Journey with Confidence RV GPS App RV Trip Planner RV LIFE Campground Reviews RV Maintenance Take a Speed Test Free 7 Day Trial ×
 


Reply
 
Thread Tools Search this Thread Display Modes
 
Old 04-06-2010, 06:44 PM   #1
2 Rivet Member
 
2010 27' FB International
Miami , Florida
Join Date: Feb 2010
Posts: 75
Safety while Boondocking

I've had this question at the back of my mind for a while.

How do you secure your AS from potential theft when you are boondocking?

I can't imagine having to tow each time you want to do drive around to explore an area, or get groceries from a nearby town.

I read some of you install some sort of anti-theft devices for the hitch, does it work?

What about securing the access of the AS?

What about preventing an expensive hitch, gas bottles, batteries, solar panels to be stolen??
gamana is offline   Reply With Quote
Old 04-06-2010, 07:28 PM   #2
Rivet Master
 
TBRich's Avatar

 
2006 19' Safari SE
Tucson , Arizona
Join Date: Jun 2007
Posts: 4,624
Images: 64
You need to take reasonable steps to keep people honest...thieves go for the easy stuff generally, so make it difficult or a slow process to relieve you of valuables. Use a coupler lock on your trailer, lock your propane tanks, put things out of the line of sight, and don't leave valuable components lying about when you leave your site. Leave your hitch on your vehicle or lock it down. Boon docking with friends whenever possible is also good...or anything that helps to minimize your vulnerability.

A lot of it's common sense stuff. However, when it's all said and done, if someone wants to steal your stuff or break into your your rig badly enough they will figure out a way.
__________________
TB & Greg and Abbey Schnauzer
AirForums #21900 . Membership Chair & PastPrez, 4CU/WBCCI
#3954
Travel Log: AZBambi...On the Road Again
TBRich is offline   Reply With Quote
Old 04-06-2010, 07:41 PM   #3
2 Rivet Member
 
2010 27' FB International
Miami , Florida
Join Date: Feb 2010
Posts: 75
TBRich, thank you for the advice.

I was also wondering if anybody ever had a lowjack system installed on their AS?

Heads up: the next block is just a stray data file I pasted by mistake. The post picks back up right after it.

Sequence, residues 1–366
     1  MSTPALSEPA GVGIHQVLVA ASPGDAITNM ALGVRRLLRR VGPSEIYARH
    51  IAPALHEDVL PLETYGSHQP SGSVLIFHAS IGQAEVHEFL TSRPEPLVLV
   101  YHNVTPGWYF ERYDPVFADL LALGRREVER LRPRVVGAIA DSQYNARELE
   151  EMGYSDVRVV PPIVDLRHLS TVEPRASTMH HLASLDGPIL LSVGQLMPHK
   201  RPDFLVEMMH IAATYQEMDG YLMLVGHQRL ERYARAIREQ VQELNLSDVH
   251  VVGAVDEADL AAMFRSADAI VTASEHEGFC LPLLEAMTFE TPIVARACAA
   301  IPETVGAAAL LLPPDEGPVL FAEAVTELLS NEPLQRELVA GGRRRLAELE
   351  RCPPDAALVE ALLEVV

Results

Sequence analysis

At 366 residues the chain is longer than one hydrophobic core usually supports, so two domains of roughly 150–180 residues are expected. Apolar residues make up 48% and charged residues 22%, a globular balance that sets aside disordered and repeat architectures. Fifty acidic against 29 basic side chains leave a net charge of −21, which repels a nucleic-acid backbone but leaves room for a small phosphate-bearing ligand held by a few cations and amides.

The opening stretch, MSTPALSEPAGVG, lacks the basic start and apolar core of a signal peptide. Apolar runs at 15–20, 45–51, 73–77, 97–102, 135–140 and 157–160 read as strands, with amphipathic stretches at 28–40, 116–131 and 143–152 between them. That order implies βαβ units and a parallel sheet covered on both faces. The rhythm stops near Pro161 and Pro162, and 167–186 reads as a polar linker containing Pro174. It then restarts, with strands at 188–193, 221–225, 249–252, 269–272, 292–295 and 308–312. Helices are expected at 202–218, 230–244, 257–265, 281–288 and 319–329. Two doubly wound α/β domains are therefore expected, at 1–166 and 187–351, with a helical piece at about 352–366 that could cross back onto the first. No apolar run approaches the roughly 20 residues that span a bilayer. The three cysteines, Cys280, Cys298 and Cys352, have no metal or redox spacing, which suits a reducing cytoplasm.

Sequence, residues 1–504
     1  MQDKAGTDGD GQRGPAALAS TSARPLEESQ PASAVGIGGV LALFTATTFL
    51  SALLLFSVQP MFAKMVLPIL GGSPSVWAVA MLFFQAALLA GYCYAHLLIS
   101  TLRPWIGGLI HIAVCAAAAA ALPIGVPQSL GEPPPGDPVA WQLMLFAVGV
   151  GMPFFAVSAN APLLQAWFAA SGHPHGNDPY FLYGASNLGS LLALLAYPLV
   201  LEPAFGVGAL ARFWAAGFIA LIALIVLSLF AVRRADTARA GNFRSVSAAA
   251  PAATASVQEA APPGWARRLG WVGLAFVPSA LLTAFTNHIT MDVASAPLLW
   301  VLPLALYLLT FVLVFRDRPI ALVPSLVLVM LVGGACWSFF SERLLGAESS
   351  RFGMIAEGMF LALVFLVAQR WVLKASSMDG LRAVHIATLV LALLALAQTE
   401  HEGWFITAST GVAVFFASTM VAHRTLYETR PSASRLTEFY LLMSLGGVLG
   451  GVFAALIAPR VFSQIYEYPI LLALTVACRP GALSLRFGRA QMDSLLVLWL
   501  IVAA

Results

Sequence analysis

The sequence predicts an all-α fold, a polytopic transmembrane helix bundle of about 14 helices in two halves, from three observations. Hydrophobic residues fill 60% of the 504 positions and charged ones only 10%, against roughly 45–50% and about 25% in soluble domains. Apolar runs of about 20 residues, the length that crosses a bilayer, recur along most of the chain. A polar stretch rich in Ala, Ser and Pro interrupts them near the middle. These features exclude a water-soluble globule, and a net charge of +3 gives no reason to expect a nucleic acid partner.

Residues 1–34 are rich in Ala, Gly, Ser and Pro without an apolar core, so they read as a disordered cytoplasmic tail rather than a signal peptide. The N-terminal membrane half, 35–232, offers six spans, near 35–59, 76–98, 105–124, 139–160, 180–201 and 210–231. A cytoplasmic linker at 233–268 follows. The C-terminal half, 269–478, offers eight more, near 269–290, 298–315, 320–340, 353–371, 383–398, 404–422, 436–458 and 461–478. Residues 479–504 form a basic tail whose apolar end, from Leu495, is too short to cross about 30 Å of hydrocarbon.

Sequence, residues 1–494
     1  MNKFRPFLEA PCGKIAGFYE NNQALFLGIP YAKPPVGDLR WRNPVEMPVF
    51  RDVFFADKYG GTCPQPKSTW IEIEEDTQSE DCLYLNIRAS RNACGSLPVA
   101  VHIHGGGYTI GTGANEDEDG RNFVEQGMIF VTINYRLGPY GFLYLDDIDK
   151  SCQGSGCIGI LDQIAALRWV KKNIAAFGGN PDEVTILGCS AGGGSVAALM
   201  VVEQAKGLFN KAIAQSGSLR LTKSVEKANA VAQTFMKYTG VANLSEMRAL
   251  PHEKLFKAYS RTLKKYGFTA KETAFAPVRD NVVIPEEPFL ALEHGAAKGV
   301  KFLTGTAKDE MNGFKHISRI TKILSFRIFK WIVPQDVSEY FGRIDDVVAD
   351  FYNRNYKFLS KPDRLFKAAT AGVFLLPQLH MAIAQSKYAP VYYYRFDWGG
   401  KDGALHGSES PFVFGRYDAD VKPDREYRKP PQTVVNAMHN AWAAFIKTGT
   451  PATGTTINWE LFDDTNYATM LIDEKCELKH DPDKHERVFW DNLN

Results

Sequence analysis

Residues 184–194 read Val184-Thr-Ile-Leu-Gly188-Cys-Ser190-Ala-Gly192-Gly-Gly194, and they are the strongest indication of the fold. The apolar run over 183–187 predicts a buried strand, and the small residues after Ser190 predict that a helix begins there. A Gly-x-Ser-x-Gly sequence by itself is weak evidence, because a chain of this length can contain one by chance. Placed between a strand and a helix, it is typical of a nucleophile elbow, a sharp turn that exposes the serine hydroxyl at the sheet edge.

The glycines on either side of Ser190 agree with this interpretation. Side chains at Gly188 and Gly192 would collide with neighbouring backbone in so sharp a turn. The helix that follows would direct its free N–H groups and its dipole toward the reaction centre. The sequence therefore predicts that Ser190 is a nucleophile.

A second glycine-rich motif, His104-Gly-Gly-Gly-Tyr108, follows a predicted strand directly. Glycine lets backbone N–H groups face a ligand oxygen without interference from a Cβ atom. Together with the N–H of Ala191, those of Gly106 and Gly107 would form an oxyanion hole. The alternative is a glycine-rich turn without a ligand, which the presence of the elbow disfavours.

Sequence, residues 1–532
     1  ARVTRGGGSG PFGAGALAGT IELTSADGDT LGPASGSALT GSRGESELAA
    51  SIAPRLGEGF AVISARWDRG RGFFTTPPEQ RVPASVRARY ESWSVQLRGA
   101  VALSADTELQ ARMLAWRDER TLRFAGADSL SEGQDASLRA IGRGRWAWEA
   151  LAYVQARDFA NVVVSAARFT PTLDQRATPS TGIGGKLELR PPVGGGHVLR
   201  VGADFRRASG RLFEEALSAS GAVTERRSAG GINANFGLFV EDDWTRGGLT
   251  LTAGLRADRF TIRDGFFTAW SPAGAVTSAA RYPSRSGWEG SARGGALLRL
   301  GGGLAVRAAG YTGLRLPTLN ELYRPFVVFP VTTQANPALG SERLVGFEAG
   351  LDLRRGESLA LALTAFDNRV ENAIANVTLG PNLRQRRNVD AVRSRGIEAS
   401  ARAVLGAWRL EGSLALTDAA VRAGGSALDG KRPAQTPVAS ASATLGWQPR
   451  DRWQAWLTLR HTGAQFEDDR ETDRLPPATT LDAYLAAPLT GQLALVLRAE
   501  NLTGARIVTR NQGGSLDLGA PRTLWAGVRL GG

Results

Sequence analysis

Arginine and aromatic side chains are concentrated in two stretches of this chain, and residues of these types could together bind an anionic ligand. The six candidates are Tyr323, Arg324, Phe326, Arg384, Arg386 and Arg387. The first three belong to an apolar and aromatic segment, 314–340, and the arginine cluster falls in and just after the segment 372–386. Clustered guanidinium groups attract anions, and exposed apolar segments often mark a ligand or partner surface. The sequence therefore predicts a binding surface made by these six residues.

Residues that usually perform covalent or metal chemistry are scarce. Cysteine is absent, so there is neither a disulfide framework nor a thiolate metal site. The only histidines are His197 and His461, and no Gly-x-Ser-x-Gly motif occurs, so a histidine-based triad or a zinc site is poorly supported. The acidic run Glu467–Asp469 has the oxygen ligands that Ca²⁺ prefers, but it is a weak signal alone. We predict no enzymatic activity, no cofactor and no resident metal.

gamana is offline   Reply With Quote
Old 04-06-2010, 07:41 PM   #4
_
 
. , .
Join Date: Dec 2004
Posts: 8,812
many threads on this issue, only a few are useful...

http://www.airforums.com/forums/f485...sue-42379.html

http://www.airforums.com/forums/f238...ers-29301.html

typically the other threads are about carrying guns or other silly things.

many strategies improve owner PIECE O MIND...

but may not really be all that useful...

denver boot, low jack, and so on and mentioned a LOT...

it is VERY hard to hook up a stream towed by a pp or haha...

the ODD hitch actually prevented my trailer from being towed away once...

and i pulled up just in time to SEE the nitwits trying to figure out the hitch.

cheers
2air'
__________________
all of the true things that i am about to tell you are shameless lies. l.b.j.

we are here on earth to fart around. don't let anybody tell you any different. k.v.
2airishuman is offline   Reply With Quote
Old 04-06-2010, 07:49 PM   #5
2 Rivet Member
 
2010 27' FB International
Miami , Florida
Join Date: Feb 2010
Posts: 75
Quote:
Originally Posted by 2airishuman View Post
many threads on this issue, only a few are useful...

http://www.airforums.com/forums/f485...sue-42379.html

http://www.airforums.com/forums/f238...ers-29301.html

many strategies improve owner PIECE O MIND...

but may not really be all that useful...

denver boot, low jack, and so on...

it is VERY hard to hook up a stream towed by a pp or haha...

the ODD hitch actually prevented my trailer from being towed away once...

and i pulled up just in time to SEE the nitwits trying to figure out the hitch.

cheers
2air'
I am contemplating getting the pp hitch but, DAMN, at that price, that's the first thing i would dismantle if I was a thief.
I would go for the solar panels next.
gamana is offline   Reply With Quote
Old 04-06-2010, 08:35 PM   #6
4 Rivet Member
 
Airstream01's Avatar
 
2008 25' Safari FB SE
Land of fruits and nuts , California
Join Date: Jul 2009
Posts: 305
I wouldn't expect your average thief to know how much a PP hitch costs, so I wouldn't worry about that too much.
Airstream01 is offline   Reply With Quote
Old 04-06-2010, 08:56 PM   #7
Rivet Master
 
DreamStreamr's Avatar
 
2005 25' International CCD
Fleetwood , North Carolina
Join Date: Aug 2005
Posts: 687
Images: 38
Send a message via Skype™ to DreamStreamr
Alright, 2air, this completely sells me on PP or HAHA at last. I think you're right, this would make a trailer tough for a dimwit to hitch and tow. Pretty cool insurance, and it would tow great for me too.

But it wouldn't slow down one of those roll back trucks from dragging my trailer up and away. Kinda like TBRich says, they'll go for whatever they want, try to take it regardless what we do.

I added lock to my spare tire, lock to my battery box, dealer gave me locking cable for gas bottles, we have locks for our HH cast aluminum wheel chocks, we can lock the hitch, and of course the cargo compartments lock. And after the first year or so, we stopped locking any of these except on rare occasion we lock the cargo compartments.